Anyway, going back to the title question, I'm still making my way through my fourth reading of the Dragonlance Chronicles trilogy. I'm most of the way through volume 3, "Dragons of Spring Dawning".


Aaron Bitman wrote:
Since Doodlebug seemed to want to start a discussion about Judy Blume

I don't really have anything to say about her, it was just an article I saw while flipping about the internet. 25ish years later, I still occasionally shout out "Dinky Hocker Shoots Smack!" for no apparent reason.

Lord Snow, I was idly curious, what language(s) is(are) your mother tongue(s)?


Sitting down to read The God Delusion by Richard Dawkins. I've long been told many of my opinions are close to those found in this book so it's time to see what I think myself.

Shadow Lodge

Finished The Lies of Locke Lamora last night. Moving on to the two sequels now.

The Exchange

Got about 3/4 of the way through Seconds by Bryan Lee O'Malley. It retains all of Scott Pilgrim's quirkiness without dropping into familiar territory. I'm looking forward to finishing it tonight.


2 people marked this as a favorite.

Dragonlords of Mystara by Thorarinn Gunnarsson; pretty unbeatable name for a fantasy author, but a bit so-so as a novel. Still, I know very little about Mystara, so interesting from that point of view.

EDIT: And, of course, Are you there, Lenin? It's me, Doodlebug, by Vanessa Pablovovich Shachtman

RPG Superstar 2014 Top 16, RPG Superstar 2013 Top 16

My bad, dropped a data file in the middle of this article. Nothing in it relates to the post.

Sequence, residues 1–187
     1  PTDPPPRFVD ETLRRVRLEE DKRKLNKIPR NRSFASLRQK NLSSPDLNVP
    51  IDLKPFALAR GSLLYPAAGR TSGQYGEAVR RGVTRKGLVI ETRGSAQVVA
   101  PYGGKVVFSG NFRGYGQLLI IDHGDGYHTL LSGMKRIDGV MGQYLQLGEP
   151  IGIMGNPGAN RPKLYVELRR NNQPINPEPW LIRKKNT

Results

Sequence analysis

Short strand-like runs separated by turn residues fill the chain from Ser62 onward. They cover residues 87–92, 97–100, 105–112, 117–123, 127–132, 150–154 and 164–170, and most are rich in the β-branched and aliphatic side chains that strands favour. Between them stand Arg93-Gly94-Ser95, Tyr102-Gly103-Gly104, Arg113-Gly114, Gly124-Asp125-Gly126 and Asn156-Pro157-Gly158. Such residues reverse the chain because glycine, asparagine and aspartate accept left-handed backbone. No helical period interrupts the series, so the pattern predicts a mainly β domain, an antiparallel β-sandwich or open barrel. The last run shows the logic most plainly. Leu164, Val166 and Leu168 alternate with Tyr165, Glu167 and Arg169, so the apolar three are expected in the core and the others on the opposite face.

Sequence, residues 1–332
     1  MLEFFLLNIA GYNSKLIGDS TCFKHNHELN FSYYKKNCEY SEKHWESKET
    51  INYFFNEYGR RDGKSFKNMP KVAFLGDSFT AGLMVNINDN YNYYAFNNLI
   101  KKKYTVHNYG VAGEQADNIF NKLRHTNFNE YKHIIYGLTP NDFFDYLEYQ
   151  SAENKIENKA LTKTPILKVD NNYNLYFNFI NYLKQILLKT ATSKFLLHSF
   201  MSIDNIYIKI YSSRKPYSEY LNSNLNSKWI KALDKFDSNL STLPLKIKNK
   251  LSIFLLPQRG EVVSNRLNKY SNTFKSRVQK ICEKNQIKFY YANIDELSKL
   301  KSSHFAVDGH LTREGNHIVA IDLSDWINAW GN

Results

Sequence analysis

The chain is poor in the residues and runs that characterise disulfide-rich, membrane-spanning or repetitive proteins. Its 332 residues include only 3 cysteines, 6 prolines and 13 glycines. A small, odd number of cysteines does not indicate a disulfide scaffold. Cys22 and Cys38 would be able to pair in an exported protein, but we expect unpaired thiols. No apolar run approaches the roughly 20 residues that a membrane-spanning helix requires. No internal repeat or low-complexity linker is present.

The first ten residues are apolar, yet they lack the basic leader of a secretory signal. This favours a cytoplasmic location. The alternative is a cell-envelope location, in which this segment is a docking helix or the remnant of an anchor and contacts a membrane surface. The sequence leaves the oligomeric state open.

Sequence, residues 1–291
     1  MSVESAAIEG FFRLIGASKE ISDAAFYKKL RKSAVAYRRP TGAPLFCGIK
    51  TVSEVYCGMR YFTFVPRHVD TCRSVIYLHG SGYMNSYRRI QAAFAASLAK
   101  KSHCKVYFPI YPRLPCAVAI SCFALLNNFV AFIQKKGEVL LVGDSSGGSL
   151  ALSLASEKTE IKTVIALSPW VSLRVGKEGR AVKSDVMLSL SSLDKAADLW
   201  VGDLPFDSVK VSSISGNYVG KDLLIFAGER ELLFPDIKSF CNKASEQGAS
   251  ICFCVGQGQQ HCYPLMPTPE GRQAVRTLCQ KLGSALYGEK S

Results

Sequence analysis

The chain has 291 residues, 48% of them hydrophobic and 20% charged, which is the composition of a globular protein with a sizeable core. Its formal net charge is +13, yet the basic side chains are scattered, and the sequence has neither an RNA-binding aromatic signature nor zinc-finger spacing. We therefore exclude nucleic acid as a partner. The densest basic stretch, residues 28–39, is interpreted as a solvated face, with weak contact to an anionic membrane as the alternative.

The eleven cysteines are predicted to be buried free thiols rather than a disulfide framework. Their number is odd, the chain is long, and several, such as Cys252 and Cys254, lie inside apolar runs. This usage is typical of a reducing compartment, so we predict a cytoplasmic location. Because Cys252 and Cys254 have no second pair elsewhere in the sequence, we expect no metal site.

1 person marked this as a favorite.

I finished my Hugo Awards reading today (and by "finished," I mean I gave up on two of the novel samples, and I'm not even touching The Wheel of Time).

Parasite by Mira Grant was the most readable of the three samples, and I was surprised with how quickly I got through the 100 pages I had. That being said, it's a zombie novel, but 100 pages in and there hasn't been so much as a nibble! It gets my number 2 spot, since it didn't bore me like Ancillary Justice or Neptune's Brood, but I'm not going to bother buying the full novel.

Now I can finally start on the new Monster Hunter book. So much glorious violence...

Shadow Lodge

RainyDayNinja wrote:
Parasite by Mira Grant was the most readable of the three samples, and I was surprised with how quickly I got through the 100 pages I had. That being said, it's a zombie novel, but 100 pages in and there hasn't been so much as a nibble! It gets my number 2 spot, since it didn't bore me like Ancillary Justice or Neptune's Brood, but I'm not going to bother buying the full novel.